Some 250 million years ago, Earth had one continent—Pangaea. Today, there are seven, and in another 50 million years or so, there could be eight. That's according to geologists studying a massive crack that recently appeared in southwestern Kenya, taking out homes and a section of highway, after seismic activity and heavy rain in the area. Located within the appropriately named East African Rift Valley, where two tectonic plates pull away from each other, the crack is several miles long, up to 65 feet across, more than 50 feet deep, and still growing, reports National Geographic. As Christy Till of Arizona State University explains, per USA Today, "a rift like this once eventually separated the African and South American continents to form the Atlantic Ocean and the rift in east Africa may be the very early stages of this."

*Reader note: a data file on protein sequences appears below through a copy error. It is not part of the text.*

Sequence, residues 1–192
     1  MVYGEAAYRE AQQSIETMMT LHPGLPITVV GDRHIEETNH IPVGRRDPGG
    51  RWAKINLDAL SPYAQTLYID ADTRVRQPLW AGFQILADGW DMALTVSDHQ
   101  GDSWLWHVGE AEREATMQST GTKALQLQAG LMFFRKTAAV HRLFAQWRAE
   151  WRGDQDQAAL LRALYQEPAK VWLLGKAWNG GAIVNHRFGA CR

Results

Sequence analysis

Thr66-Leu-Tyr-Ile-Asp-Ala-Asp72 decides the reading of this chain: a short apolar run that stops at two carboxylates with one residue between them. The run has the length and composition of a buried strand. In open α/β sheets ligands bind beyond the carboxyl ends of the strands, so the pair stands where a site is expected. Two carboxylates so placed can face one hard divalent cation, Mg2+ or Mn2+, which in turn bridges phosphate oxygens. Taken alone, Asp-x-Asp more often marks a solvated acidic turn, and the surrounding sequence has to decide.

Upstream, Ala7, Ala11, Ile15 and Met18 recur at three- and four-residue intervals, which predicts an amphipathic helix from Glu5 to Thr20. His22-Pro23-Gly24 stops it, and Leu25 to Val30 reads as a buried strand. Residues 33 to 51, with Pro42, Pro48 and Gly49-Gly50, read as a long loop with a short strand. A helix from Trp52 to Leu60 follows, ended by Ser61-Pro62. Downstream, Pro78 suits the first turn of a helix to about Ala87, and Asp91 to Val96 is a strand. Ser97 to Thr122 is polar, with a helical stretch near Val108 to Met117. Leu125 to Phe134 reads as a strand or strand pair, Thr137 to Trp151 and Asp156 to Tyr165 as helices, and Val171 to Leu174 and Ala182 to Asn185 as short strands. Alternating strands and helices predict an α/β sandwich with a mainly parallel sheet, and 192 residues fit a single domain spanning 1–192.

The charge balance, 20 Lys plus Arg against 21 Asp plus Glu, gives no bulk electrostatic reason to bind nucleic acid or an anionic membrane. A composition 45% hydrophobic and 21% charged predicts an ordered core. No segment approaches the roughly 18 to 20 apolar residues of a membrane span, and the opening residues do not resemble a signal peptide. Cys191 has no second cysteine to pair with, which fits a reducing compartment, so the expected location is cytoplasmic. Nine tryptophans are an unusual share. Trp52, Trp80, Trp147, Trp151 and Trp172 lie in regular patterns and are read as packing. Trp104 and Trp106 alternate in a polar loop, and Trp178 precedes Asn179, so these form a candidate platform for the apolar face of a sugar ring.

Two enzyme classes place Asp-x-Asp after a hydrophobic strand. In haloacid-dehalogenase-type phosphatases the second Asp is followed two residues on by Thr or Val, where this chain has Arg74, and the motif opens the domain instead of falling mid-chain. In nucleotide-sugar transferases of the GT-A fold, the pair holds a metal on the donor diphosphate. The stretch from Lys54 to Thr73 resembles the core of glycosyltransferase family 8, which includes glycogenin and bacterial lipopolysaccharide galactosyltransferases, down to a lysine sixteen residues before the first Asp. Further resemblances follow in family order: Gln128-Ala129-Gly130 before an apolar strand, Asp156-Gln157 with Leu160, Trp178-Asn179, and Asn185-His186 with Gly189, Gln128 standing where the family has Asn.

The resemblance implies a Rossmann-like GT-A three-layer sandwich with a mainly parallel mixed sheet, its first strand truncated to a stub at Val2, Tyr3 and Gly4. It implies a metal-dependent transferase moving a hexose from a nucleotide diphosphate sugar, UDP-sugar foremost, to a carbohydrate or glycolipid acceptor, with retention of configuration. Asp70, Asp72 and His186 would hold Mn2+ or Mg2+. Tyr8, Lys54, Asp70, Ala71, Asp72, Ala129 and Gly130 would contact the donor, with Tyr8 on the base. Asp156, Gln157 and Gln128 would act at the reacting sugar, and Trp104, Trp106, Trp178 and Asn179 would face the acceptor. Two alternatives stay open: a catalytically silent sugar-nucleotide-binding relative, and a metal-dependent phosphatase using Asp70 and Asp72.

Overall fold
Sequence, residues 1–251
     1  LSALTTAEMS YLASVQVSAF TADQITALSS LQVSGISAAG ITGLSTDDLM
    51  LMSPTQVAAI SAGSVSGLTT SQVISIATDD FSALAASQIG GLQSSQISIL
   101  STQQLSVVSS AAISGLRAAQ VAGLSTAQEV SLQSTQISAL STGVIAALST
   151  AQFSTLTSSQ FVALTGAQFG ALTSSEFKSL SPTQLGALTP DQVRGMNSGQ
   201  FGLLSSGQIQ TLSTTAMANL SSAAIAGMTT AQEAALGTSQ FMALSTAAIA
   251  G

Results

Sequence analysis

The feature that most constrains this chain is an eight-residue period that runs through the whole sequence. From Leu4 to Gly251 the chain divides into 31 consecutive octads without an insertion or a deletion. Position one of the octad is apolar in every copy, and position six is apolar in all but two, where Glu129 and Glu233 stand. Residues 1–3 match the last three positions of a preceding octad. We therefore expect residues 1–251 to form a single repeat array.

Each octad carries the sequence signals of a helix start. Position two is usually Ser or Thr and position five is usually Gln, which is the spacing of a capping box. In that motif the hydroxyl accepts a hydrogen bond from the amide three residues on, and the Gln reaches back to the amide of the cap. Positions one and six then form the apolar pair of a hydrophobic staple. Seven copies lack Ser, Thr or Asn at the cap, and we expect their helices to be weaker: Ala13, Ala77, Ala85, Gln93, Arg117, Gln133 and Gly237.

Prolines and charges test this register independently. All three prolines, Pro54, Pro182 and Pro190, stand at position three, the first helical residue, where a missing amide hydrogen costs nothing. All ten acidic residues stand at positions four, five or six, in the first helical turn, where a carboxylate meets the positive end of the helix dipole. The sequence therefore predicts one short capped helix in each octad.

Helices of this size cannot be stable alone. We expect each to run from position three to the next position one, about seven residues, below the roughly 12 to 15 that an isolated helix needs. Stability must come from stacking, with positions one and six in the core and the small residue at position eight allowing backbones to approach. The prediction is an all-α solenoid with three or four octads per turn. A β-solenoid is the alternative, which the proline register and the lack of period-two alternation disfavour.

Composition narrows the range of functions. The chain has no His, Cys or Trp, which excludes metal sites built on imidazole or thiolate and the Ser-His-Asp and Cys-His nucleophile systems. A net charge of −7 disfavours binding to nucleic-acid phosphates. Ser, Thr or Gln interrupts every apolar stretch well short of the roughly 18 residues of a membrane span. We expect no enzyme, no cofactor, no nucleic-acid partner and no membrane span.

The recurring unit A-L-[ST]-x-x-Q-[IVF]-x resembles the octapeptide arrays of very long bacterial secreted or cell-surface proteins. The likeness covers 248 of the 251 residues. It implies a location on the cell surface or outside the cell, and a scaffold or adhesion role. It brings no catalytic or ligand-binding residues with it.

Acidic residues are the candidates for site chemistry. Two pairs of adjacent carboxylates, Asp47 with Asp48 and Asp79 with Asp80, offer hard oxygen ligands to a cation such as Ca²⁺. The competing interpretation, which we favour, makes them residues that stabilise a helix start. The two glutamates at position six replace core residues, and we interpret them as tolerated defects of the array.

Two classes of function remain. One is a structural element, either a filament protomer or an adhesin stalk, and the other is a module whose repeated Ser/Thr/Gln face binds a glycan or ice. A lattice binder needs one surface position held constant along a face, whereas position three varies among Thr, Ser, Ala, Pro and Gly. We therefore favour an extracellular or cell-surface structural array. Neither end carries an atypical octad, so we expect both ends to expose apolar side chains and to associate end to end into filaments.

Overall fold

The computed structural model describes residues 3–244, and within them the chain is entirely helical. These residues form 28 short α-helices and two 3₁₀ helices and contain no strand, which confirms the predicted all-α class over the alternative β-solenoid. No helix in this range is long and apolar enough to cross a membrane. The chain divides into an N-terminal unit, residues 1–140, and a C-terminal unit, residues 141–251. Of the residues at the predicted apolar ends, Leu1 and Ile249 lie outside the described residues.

If that is the case, the breakup of the African continent is still tens of millions of years away. "The process just occurs very slowly," Till says. Still, geologists have an idea of how it might happen. With one tectonic plate moving to the west, and the other to the east, researchers predict a portion of east Africa—including Somalia and parts of Kenya, Ethiopia, and Tanzania—will eventually break apart to float between Madagascar and the larger African continent. (USA Today has a diagram.) While the region's residents don't need to worry about the breakup itself, the rift does present plenty of infrastructure issues, per Daily Nation, though portions of it have reportedly been filled with concrete and rocks. A geologist tells Daily Nation the crack was probably there a while, but filled with volcanic ash that rain only recently washed away. (Read more geology stories.)